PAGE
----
The Trump administration lacks a coherent policy on Iran. Important members of the cabinet have publicly supported the Iran deal, yet Trump has threatened to unilaterally withdraw from it repeatedly. On October 15 he could decertify that Iran is adhering to the nuclear deal, making the deal effectively meaningless. This could potentially create a nuclear armed rogue Iran that would be completely in opposition with the long-term national security interests of the US, Europe and Israel.
India’s Goods and Service Tax is far from a true economic reform but rather the product of a political compromise in a wildly diverse country. It disregards economic principles and is full of imperfections. Nonetheless small steps forward are better than nothing.
Theresa May's gamble to not only extend the Conservative Party’s majority in the Commons, but also to protect her position as prime minister utterly failed. It is time for May to change her strategy and stop viewing the negotiations as a battle between the UK and the EU.
The proposed law with the long name aims to rid social network sites of hate speech. The decision process would be outsourced to private companies, meaning any controversial content would be deleted in order to avoid draconic fines without having to justify their reasoning. As most hate speech lies in a legal grey zone, Facebook et. al. would be able to decide what is morally acceptable online. The proposed law ultimately risks censoring nonconformist opinions or at least driving them further away from societal mainstream (or at least social networks).
Despite the surge in national polls and a huge media hype, Germany's Social Democrats have lost to Angela Merkel's ruling CDU in three state elections. A victory for Martin Schulz in the upcoming federal elections seems increasingly unlikely. Law-and-order will dominate the next four months - a topic closely associated with the CDU. So are there any real alternatives to another grand coalition?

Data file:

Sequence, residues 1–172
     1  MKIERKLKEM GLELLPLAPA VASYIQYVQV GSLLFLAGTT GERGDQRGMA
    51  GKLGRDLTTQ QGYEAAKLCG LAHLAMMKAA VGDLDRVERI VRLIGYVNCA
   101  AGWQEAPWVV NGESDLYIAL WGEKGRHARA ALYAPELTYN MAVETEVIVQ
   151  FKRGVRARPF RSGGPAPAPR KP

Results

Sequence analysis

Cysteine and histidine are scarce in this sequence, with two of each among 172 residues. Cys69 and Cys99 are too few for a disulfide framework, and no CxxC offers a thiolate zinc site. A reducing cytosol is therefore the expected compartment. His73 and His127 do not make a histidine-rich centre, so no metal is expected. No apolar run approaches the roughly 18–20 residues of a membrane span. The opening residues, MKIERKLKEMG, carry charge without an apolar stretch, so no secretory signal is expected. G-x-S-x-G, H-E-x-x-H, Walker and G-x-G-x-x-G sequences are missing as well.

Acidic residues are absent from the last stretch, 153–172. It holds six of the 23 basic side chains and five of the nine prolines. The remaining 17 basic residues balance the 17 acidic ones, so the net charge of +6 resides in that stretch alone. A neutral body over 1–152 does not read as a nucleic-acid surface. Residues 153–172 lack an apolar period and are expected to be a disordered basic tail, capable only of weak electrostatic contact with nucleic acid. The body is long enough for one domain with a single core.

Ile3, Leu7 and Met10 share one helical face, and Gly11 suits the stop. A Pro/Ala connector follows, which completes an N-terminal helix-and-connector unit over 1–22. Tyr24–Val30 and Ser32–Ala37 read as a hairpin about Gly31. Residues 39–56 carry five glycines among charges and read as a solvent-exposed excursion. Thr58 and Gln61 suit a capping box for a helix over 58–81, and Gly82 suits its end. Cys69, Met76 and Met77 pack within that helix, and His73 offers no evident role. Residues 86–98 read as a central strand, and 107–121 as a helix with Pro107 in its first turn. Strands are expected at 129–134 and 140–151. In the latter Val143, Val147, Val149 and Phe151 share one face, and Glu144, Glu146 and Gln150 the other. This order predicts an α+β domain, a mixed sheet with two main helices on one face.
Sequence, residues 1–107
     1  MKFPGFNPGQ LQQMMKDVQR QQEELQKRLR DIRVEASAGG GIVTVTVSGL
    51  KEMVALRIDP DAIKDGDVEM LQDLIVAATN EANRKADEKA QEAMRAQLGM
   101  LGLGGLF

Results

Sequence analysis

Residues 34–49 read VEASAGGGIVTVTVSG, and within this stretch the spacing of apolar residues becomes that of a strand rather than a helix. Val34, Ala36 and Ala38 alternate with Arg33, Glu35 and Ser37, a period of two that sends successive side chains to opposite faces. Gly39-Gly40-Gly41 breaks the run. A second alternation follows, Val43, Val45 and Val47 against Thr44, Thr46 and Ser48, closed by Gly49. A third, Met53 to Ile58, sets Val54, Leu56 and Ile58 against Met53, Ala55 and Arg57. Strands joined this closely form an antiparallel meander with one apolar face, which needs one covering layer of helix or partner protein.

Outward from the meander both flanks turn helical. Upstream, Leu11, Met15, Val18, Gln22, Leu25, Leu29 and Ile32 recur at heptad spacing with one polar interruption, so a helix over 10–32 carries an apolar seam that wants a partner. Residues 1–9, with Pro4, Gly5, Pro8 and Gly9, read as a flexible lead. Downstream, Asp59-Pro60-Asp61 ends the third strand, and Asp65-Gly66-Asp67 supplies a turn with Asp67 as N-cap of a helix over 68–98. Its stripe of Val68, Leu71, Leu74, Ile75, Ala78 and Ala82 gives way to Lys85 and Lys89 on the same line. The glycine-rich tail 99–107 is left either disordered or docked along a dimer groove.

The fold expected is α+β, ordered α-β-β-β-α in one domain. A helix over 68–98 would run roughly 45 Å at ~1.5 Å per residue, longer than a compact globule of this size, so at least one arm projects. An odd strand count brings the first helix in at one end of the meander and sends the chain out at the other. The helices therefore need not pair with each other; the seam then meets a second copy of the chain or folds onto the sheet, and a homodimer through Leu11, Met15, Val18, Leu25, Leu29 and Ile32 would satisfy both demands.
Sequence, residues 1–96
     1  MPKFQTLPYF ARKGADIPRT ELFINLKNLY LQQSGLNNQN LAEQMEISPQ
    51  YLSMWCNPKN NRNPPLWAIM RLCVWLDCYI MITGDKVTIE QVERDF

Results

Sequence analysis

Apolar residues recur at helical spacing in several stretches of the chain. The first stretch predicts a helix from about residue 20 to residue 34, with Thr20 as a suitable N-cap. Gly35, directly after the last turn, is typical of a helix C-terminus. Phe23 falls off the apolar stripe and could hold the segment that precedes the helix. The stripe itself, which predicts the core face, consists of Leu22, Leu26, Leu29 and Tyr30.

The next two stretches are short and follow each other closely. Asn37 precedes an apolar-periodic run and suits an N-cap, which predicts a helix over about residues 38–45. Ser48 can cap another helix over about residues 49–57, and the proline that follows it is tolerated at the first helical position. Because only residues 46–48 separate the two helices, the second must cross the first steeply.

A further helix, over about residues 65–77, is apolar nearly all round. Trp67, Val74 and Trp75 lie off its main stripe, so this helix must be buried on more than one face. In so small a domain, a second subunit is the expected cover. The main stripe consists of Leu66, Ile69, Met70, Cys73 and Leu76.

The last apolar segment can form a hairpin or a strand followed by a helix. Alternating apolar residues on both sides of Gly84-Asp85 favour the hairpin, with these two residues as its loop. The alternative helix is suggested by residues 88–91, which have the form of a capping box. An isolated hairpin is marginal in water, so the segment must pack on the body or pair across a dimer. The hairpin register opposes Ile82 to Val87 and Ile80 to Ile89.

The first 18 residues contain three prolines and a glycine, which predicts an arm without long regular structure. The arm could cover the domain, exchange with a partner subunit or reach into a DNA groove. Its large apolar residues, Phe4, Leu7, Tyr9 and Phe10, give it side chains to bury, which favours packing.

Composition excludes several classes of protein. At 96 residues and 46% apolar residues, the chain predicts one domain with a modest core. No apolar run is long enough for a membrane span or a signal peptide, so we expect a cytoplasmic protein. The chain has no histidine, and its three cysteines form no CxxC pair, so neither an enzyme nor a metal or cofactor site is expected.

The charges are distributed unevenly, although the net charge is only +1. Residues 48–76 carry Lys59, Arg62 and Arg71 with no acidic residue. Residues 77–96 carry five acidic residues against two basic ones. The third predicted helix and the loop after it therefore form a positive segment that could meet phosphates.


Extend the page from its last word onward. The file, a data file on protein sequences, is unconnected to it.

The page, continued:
Trump isn’t a normal president. His unpredictability could prompt Beijing to tighten its act on Pyongyang. This might turn out to be a real asset in the conflict in the sense that it could convince Beijing to abandon tolerating Kim Jong-un’s erratic behaviour.
Le Pen is the wrong populist candidate to bet on in the next big election. She is unlikely to win and the returns for her entering the second round are extremely low. Rather, you should bet your money on the radical left candidate, Jean-Luc Mélenchon.
It should be profoundly worrying to the Kremlin that a young generation that only knows Putin and Medvedev as their leaders is not able to be controlled by propaganda and willing to demonstrate against the regime. Nonetheless, 2017 is pretty unlikely to end up in history books as the year of the Russian Spring.
The Saudi-led coalition has been waging an immensely expensive war for the last two yeas in the southern tip of the Arabian peninsula. Yet the prospects for peace seem further away as ever. The Trump administration desperately needs to rethink America's Yemen policy.
Farah Diba, the wife of the last Shah, was an avid collector of modern art. Just two years before the 1979 Islamic Revolution she opened the Tehran Museum of Contemporary Art - one of the first museums solely dedicated to modern art and the largest collection outside of Europe and North America. Berlin's National Gallery and Rome's MAXXI joined forces to show 61 paintings from the permanent collection in December 2016. However, things didn't really go according to plan.
It is still hugely unclear what exactly Donald Trump’s foreign policy stances as the next president of the US will be. The recent nomination of the chief executive of Exxon Mobil and BFF of Vladimir Putin, Rex Tillerson, as his preferred US secretary hints that realpolitik and deal-making will be Trump’s foreign policy of choice. While it is still uncertain what America’s new found love with Russia might look like in the future, Trump has made it quite clear that ties with China will fundamentally change.
The EU referendum and the American elections have brought white working-class voters back to the global political arena. In the aftermaths of the two elections they have been blamed for making the decisive difference. Most strikingly about these elections is that this group's interests are very likely to be harmed by their votes. Yet they decided to vote against their traditional representatives. So what exactly went wrong? Where does the anger come from? And why has politics failed the white working-class so badly?
The Comprehensive Economic and Trade Agreement (CETA), the proposed free-trade agreement between Canada and the European Union, has been effectively brought to a halt by the regional parliament of Wallonia, the French speaking region of Belgium. Is CETA just as doomed as its more controversial brother, TTIP?